The waiter whisked the menu away. “All righty-dighty by me,” he said, as he flicked a foccacia crumb off the tablecloth. “I’m sure everyone will be waiting to see what happens when the wine list comes around.”

I had not known until that moment the shame of being a man who would dare to order chicken in a restaurant where votive candles glimmered on the table and an Anita O’Day CD wafted gently through the air. I could not, in fact, remember the last time I had seen anyone eat chicken by candlelight. I vaguely remembered an evening in a corner table. There were ferns involved. It was 1987. As I recall it, somebody ordered a glass of chablis.

I swear I am not making this moment up. I swear that, for a while, I lived in a world in which there was no steak on the menu. There were no pork chops. There were no veal chops. There was no lamb. There was a chicken breast, and it was covered in cheese sauce. People ate it and were glad. They ate it with Pepperidge Farm rolls and thought they were being elegant. They ate it without remorse, without regret, without explanation. They finished their dinners, looked lovingly into one another’s eyes, and then went home and had sex.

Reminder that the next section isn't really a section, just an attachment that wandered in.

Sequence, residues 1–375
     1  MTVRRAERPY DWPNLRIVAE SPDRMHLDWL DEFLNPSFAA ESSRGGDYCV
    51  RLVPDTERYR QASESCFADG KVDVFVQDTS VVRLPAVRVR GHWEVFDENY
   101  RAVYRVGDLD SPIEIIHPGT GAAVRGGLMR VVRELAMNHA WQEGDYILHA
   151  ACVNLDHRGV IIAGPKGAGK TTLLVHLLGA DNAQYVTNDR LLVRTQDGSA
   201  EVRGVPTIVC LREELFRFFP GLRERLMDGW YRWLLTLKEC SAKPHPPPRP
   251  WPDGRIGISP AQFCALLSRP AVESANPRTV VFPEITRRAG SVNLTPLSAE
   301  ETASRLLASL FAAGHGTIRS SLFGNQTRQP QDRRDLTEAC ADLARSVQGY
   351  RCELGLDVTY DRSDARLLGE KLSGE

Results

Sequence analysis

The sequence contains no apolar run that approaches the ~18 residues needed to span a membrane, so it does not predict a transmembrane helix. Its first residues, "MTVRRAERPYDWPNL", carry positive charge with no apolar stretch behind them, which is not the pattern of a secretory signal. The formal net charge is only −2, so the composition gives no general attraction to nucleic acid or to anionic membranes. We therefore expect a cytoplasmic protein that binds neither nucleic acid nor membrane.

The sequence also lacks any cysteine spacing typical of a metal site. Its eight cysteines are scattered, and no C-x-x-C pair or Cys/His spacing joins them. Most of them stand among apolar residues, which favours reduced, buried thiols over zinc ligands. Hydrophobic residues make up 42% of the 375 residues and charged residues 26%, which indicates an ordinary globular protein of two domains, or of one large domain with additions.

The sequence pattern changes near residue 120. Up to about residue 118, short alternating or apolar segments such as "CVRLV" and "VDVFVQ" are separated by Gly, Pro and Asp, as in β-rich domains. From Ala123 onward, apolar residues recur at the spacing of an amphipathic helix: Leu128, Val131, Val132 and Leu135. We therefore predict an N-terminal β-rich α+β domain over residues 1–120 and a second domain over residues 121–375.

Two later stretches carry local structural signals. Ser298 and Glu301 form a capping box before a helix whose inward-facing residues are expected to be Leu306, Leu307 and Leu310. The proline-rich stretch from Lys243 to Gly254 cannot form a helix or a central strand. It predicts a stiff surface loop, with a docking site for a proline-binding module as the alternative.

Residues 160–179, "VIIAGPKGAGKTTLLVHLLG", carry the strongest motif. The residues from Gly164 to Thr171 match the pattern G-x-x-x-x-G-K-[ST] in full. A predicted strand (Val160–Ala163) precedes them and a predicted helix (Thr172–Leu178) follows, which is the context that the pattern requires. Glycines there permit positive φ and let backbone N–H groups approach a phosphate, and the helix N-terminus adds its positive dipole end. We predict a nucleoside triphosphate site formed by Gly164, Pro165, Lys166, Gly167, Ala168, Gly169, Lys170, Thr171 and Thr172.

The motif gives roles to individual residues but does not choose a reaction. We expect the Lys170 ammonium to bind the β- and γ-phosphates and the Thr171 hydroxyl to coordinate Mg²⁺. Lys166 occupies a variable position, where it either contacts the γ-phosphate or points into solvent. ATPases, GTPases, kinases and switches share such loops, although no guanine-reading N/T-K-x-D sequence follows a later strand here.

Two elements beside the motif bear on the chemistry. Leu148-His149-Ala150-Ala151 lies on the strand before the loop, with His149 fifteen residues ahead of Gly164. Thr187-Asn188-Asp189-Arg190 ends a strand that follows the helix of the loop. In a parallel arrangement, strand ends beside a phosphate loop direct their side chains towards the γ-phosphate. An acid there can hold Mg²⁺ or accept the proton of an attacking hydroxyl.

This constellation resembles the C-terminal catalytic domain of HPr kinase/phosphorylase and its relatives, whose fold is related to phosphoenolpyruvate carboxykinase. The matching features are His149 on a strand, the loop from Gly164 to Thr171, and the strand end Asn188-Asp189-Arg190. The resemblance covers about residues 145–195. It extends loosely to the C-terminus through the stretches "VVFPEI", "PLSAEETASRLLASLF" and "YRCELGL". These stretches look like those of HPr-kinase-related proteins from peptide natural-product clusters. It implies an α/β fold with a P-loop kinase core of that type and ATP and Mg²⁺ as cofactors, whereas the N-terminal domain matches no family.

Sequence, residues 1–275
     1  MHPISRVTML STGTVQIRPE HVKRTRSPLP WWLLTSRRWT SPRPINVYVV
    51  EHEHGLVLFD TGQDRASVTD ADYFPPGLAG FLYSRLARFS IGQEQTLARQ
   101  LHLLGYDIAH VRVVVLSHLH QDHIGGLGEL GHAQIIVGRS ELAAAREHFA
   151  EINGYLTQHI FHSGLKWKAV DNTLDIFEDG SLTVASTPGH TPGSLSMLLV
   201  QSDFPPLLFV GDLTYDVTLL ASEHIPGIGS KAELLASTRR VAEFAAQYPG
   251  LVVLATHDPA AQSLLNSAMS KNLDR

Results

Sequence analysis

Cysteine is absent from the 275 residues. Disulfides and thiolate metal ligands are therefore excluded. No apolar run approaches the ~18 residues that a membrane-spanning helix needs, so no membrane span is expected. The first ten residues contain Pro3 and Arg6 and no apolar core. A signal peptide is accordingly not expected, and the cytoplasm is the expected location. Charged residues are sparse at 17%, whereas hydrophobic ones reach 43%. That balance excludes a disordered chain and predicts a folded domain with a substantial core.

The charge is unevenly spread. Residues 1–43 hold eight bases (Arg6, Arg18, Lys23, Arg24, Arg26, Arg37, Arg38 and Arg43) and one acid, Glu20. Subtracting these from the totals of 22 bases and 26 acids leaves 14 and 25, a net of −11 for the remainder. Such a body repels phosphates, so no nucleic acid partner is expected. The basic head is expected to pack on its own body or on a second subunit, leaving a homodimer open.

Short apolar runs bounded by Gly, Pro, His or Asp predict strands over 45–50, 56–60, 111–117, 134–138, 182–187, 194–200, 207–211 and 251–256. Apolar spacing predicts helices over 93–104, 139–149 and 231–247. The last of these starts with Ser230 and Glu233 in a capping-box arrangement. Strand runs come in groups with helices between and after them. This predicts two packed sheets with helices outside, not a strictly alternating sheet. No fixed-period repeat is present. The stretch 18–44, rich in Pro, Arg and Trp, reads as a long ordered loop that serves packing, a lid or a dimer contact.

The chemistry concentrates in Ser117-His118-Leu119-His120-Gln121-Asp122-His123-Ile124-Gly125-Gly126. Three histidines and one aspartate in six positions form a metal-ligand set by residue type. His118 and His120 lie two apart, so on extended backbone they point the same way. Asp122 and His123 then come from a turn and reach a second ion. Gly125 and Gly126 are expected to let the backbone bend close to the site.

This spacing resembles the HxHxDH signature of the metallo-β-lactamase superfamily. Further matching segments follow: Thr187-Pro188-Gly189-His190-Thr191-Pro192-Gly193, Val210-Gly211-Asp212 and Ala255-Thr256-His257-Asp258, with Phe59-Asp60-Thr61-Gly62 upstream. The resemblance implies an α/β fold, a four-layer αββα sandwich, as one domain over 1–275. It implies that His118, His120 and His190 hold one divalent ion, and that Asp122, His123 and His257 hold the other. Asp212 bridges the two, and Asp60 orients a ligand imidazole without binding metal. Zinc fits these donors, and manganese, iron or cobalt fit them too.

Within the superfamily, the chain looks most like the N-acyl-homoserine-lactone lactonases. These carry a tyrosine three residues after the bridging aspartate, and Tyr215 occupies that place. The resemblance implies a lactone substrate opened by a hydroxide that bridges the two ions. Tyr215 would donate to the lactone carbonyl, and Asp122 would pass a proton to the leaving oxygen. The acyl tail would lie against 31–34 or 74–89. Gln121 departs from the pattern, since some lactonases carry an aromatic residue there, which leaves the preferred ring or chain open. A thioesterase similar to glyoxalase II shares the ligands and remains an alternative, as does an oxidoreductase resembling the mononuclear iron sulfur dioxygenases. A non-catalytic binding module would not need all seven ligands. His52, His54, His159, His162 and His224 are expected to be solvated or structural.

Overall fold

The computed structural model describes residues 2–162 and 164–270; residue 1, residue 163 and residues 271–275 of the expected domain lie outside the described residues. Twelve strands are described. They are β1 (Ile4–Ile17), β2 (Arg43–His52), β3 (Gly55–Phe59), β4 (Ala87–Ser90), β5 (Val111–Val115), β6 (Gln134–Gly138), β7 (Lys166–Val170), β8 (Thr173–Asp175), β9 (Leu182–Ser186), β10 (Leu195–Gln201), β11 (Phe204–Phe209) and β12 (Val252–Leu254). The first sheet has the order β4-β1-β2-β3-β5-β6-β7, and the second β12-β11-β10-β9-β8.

They did not mind eating chicken because it reminded them of their mothers. It reminded them of casseroles and good deeds done for the dead. It reminded them of Saturday-night leftover suppers and Sunday dinners with canned asparagus served on the side. They looked at the fake chain-restaurant grill marks on their chicken breasts and were reminded of barbecues and the Fourth of July and picnics. As they slathered schoolbus-yellow mustard all over their chicken breasts, they teared up and remembered their dads.